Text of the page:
Home >companies >people >Barnes and Noble’s CEO William Lynch resigns after sales decline

New York:Barnes and Noble Inc. chief executive officer (CEO) William Lynch resigned amid profit losses and declining sales as the largest US bookstore chain tries to navigate a shift to digital books and considers a breakup.

Lynch, who also stepped down from the board, resigned effective immediately, the New York-based company said Monday in a statement after US markets closed. Barnes and Noble, which isn’t seeking a CEO, appointed chief financial officer Michael Huseby, 57, as president of the company and CEO of its Nook Media unit. Huseby will report to Leonard Riggio, founder and executive chairman.

“Lynch was always the champion of the Nook and it didn’t work," said John Tinker, a New York-based analyst for Maxim Group, who has a buy rating on the stock.

Barnes and Noble named Lynch CEO in March 2010 after joining the company the previous year to oversee its Web unit. After some initial success in building the Nook digital reading and tablet division, sales of Nook devices plunged during the last holiday shopping season and the company said last month it would stop making tablets.

“Huseby is now Barnes and Noble’s most senior executive and the company isn’t looking for a replacement for Lynch as it weighs options for selling and separating its businesses," Mary Ellen Keating, a spokeswoman, said in an interview.

Breakup review

The retailer is considering a breakup after it initially pursued separating its digital and retail divisions because it said investors had undervalued the success of the Nook. Last year, it created the subsidiary Nook Media, which includes the Nook and college bookstore units, and received investments from Microsoft Corp. and Pearson Plc.

“With the decline in Nook sales last year, the strategy of spinning off Nook Media into its own company shifted to how and if the business could be revived," Tinker said. Then in February Riggio announced that he wanted to buy the chain’s retail stores and website. If that plan goes through it would leave Nook Media as a public company.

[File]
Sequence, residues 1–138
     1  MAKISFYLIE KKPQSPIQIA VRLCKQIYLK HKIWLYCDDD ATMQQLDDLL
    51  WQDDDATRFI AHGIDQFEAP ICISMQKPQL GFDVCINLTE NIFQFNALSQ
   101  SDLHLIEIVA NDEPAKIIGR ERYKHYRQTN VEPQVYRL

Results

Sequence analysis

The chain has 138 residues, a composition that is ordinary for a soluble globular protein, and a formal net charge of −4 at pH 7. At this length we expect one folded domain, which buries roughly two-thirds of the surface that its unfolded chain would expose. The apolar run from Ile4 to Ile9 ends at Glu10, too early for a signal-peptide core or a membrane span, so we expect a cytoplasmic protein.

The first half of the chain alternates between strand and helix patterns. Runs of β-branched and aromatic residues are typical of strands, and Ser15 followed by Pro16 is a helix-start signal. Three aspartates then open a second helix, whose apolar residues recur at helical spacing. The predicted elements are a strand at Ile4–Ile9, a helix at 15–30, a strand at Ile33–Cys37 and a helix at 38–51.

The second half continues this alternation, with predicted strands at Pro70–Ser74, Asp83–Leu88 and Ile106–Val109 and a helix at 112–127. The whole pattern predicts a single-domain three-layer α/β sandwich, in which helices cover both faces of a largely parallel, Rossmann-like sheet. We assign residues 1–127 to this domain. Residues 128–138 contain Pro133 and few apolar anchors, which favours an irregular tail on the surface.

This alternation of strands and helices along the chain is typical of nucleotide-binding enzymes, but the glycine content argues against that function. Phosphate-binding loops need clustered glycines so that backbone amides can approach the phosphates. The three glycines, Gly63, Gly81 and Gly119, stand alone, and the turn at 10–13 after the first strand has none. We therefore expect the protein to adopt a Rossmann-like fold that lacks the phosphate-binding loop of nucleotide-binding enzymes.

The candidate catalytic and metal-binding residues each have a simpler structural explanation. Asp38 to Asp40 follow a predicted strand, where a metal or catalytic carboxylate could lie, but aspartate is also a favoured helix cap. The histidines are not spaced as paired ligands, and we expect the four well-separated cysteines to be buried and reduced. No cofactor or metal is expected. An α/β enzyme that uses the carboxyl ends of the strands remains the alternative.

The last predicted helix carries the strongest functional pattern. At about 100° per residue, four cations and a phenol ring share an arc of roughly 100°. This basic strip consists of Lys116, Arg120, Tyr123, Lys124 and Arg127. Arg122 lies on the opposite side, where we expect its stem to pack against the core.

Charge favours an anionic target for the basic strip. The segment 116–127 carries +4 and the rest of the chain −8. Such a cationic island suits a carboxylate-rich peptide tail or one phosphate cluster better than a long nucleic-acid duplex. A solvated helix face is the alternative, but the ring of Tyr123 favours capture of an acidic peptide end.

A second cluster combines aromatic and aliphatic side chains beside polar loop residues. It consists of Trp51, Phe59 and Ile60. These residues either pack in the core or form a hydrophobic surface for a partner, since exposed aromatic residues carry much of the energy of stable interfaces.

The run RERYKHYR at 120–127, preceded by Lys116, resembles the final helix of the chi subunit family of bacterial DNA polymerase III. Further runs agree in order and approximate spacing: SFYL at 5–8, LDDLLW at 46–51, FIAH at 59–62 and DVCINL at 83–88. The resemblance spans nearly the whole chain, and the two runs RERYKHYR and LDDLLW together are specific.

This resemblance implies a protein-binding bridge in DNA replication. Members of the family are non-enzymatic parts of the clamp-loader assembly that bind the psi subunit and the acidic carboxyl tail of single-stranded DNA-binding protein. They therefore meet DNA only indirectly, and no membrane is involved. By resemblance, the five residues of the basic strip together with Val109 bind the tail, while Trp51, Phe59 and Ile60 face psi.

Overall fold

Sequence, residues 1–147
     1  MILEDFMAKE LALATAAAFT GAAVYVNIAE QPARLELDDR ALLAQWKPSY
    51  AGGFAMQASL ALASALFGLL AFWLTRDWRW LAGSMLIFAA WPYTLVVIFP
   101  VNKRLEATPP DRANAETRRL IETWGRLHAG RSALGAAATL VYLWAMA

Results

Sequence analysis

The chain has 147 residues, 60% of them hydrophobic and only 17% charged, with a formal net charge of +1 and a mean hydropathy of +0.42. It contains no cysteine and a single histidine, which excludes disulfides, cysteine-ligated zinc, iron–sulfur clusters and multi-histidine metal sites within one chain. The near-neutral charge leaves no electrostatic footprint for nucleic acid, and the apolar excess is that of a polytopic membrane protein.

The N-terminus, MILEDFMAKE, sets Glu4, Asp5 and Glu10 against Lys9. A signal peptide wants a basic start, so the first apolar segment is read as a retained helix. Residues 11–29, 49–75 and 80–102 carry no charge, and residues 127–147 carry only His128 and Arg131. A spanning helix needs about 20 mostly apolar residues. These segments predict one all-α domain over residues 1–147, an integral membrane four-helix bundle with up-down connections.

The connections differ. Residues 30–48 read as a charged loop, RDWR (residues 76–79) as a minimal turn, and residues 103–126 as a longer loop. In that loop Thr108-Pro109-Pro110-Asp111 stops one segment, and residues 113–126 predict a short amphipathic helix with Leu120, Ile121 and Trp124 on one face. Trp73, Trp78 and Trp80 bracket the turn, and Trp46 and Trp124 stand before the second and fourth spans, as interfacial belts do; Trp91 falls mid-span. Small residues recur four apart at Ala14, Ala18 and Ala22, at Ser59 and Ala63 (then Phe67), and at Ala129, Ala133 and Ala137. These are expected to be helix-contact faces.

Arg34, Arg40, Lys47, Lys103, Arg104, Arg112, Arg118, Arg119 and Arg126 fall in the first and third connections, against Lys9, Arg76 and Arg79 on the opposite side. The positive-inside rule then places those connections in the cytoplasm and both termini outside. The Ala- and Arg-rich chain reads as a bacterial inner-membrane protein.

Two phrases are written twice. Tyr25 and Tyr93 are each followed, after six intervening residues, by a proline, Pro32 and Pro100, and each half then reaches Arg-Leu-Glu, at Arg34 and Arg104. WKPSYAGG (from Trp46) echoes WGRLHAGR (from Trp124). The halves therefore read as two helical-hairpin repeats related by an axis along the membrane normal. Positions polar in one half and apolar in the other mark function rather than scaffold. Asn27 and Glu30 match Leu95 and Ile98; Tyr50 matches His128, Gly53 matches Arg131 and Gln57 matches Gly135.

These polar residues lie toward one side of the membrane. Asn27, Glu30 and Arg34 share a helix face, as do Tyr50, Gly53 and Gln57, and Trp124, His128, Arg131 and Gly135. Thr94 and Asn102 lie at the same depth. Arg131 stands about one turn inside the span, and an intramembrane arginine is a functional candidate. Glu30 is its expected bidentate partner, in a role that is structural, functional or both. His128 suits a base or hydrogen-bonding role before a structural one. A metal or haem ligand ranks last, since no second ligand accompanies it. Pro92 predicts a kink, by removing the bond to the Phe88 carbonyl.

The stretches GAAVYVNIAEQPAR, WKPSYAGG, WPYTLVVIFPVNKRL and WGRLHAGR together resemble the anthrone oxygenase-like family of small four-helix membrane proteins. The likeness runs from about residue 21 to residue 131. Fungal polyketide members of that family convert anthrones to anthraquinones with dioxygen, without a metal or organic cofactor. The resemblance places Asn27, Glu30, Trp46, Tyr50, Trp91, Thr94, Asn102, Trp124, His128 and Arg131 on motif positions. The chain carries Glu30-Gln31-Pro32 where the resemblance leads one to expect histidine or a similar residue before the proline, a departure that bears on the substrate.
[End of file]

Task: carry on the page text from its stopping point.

“The company is reviewing its strategic plan and will provide an update when appropriate," Riggio said in the statement today. Keating declined to comment on what these changes mean for the possible separation of the company and declined to provide an executive for an interview.

Unanswered questions

“The possible offer from Riggio leaves unanswered questions about what will become of Nook Media if it were left as a public company," Tinker said. “The answer may be Microsoft because it’s already invested $300 million," Tinker said. Microsoft’s spending goes further than that as it also pledged $305 million in additional payments over five years to help Nook expand overseas.

“It all comes down to what Microsoft’s real intentions are," Tinker said.

In May, TechCrunch reported that Microsoft was planning to make a bid for Nook Media. The shares surged 24% to $22.08 on 9 May after the report.

The shares fell 4.9% to $16.80 in extended trading Monday, after they slipped less than 1% to $17.66 at the close in New York. The stock has gained 17% this year through Monday, compared with a 15% rise for the Standard & Poor’s 500 Index.

Lynch’s resignation comes less than two weeks after the company posted a loss in the quarter ended 30 April that was twice as wide as analysts estimated. Revenue from the Nook unit sank 34% and its loss before interest, taxes, depreciation and amortization increased to $177 million from $77 million a year ago.

Huseby was named CFO in March 2012 after holding the same position at Cablevision Systems Corp. While there, he helped Cablevision spin off two units.

Under the changes today, Mitchell Klipper, head of the company’s retail unit, will also report to Riggio. Allen Lindstrom was promoted from corporate controller to chief financial officer and Kanuj Malhotra, vice president of corporate development, is now CFO of Nook Media. BLOOMBERG

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